# The weekly sales of Honolulu Red Oranges is given by q=1116-18p, how do you calculate the price elasticity of demand when the price is $31 per orange (yes,$31 per orange)?

Nov 4, 2017

See below. The high "constant" means that the demand is unit elastic for small changes, and inelastic for higher price changes.

#### Explanation:

"Price elasticity" gives the percentage change in quantity demanded in response to a one percent change in price.
Price Elasticity of Demand = % Change in Quantity Demanded / % Change in Price

http://www.investopedia.com/terms/p/priceelasticity.asp

$q = 1116 - 18 p$ Where q = demand and p = price.
at $31/"orange" we can calculate the changes based on a 10% change in price. Initial: $q = 1116 - 18 p$; $q = 1116 - 18 \times 31$; $q = 558$Change: $q = 1116 - 18 p$; $q = 1116 - 18 \times 34.1$; $q = 502.2$Percent change in demand: $\frac{558 - 502.2}{558} = 0.1$Price elasticity = $\frac{0.1}{0.1} = 1.0$For a 50% change in price: Change: $q = 1116 - 18 p$; $q = 1116 - 18 \times 15.5$; $q = 837$Percent change in demand: $\frac{558 - 837}{837} = - 0.33$Price elasticity = $\frac{0.33}{0.5} = 0.667\$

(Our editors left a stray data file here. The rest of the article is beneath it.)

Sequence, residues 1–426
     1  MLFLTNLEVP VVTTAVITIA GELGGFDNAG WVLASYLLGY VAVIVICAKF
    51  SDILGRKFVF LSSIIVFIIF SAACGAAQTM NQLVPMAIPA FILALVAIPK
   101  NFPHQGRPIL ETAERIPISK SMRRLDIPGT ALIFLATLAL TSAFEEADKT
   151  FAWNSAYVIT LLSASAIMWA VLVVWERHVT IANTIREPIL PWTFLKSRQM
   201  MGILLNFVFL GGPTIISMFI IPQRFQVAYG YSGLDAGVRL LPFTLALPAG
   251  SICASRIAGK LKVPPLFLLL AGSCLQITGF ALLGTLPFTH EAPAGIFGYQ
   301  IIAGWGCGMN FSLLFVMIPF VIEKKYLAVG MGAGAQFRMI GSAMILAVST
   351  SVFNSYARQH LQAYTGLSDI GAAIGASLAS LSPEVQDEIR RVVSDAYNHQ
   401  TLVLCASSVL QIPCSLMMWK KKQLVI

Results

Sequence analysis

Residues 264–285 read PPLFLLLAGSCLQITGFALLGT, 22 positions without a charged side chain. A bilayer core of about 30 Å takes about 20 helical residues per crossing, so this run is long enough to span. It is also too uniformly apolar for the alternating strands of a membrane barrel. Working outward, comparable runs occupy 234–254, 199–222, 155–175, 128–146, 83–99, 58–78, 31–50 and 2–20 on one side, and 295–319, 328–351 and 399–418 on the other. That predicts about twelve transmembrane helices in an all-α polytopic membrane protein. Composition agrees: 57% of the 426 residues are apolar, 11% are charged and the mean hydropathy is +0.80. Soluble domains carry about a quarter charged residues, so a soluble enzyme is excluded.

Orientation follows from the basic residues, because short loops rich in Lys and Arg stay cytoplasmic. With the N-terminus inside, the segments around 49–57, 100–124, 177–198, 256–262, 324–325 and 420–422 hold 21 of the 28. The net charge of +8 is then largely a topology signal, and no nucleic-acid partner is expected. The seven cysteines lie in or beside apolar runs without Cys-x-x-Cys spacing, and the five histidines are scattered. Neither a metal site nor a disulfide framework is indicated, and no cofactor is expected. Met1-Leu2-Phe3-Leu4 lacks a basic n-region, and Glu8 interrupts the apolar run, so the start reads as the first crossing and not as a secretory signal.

If the price elasticity of demand is equal to 0, demand is perfectly inelastic (i.e., demand does not change when price changes). Values between zero and one indicate that demand is inelastic (this occurs when the percent change in demand is less than the percent change in price).

When price elasticity of demand equals one, demand is unit elastic (the percent change in demand is equal to the percent change in price). Finally, if the value is greater than one, demand is perfectly elastic (demand is affected to a greater degree by changes in price).

Read more: Price Elasticity Of Demand http://www.investopedia.com/terms/p/priceelasticity.asp#ixzz4xQlsZwPX